Igad partner states meet over land reforms

Saturday October 20 2018

Land reforms

Agricultural land in Rwanda. In Rwanda 46 per cent of land is arable. PHOTO | NMG 

By FRED OLUOCH
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The partner states of the Inter-Governmental Authority on Development have started the process of formulating good practices on land access and utilisation.

Lands ministers from the region, which has the largest number of refugees and internally displaced persons on the continent due to conflicts related to land and other resources, met in Nairobi to share policies on land governance and promote better access to land.

Igad Executive Secretary Mahboub Maalim said while they recognise that partner states have different policies in relation to land, national boundaries are increasingly becoming obsolete because of cross-border trade.

“We are simply looking for common good practices but the ultimate aim is to ally our countries to the African Union Framework and Guidelines on Land Policy established in 2009 which requires countries to enact land laws that ensure equitable access to land and related resources including by the youth, the endless and other vulnerable groups such as women,” said Mr Maalim.

The Igad Land Governance Project launched in 2015 is the political and administrative structures and processes through which decisions concerning access to and use of land resources are made and implemented.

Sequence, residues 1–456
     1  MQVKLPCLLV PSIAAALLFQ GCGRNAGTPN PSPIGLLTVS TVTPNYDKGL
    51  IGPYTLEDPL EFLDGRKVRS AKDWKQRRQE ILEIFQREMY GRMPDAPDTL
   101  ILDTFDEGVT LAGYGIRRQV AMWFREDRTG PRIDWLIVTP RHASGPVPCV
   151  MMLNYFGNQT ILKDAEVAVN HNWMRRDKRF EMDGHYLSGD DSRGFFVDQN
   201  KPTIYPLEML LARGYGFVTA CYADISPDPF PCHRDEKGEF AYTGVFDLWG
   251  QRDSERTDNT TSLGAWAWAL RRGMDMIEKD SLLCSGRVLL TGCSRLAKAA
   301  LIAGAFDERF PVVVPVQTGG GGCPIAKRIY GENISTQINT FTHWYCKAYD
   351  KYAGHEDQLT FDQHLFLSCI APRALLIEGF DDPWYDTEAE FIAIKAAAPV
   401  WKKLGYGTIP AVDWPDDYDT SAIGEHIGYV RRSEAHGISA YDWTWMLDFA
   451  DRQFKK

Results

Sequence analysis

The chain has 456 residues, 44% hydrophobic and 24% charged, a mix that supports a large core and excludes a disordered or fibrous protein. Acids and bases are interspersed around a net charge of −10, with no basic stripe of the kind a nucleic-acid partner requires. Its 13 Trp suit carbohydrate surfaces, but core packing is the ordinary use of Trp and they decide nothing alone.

Conflicts

Virtually all the partner states — Djibouti, Ethiopia, Eritrea, Kenya, Somalia, the Sudan, South Sudan and Uganda — have been experiencing intra and inter country conflicts related to land.

The best examples are the conflict in Darfur in western Sudan that has been raging since 2003, the just-ended 20 year standoff between Ethiopia and Eritrea, and the ongoing conflict in South Sudan related to states boundaries.

In East Africa, pastoralist occupy the biggest lands are owing to the limited amount of arable land. South Sudan has the highest proportion of potentially arable land at 75 per cent followed by Uganda at 70 per cent but only 34 per cent has been put in agricultural use.

Tanzania has over 44 million hectares of arable land but only 33 per cent of this under cultivation. In Rwanda, Burundi and Kenya 46 per cent, 48 and 17 per cent respectively of land is arable.

Despite South Sudan having the highest percentage of arable land, vast lands remain virgin either because of conflict related to boundary disputes or politics.

According to the latest report by Save the Children humanitarian origination, more than six million people out of the total 12 million South Sudan population need urgent food assistance.

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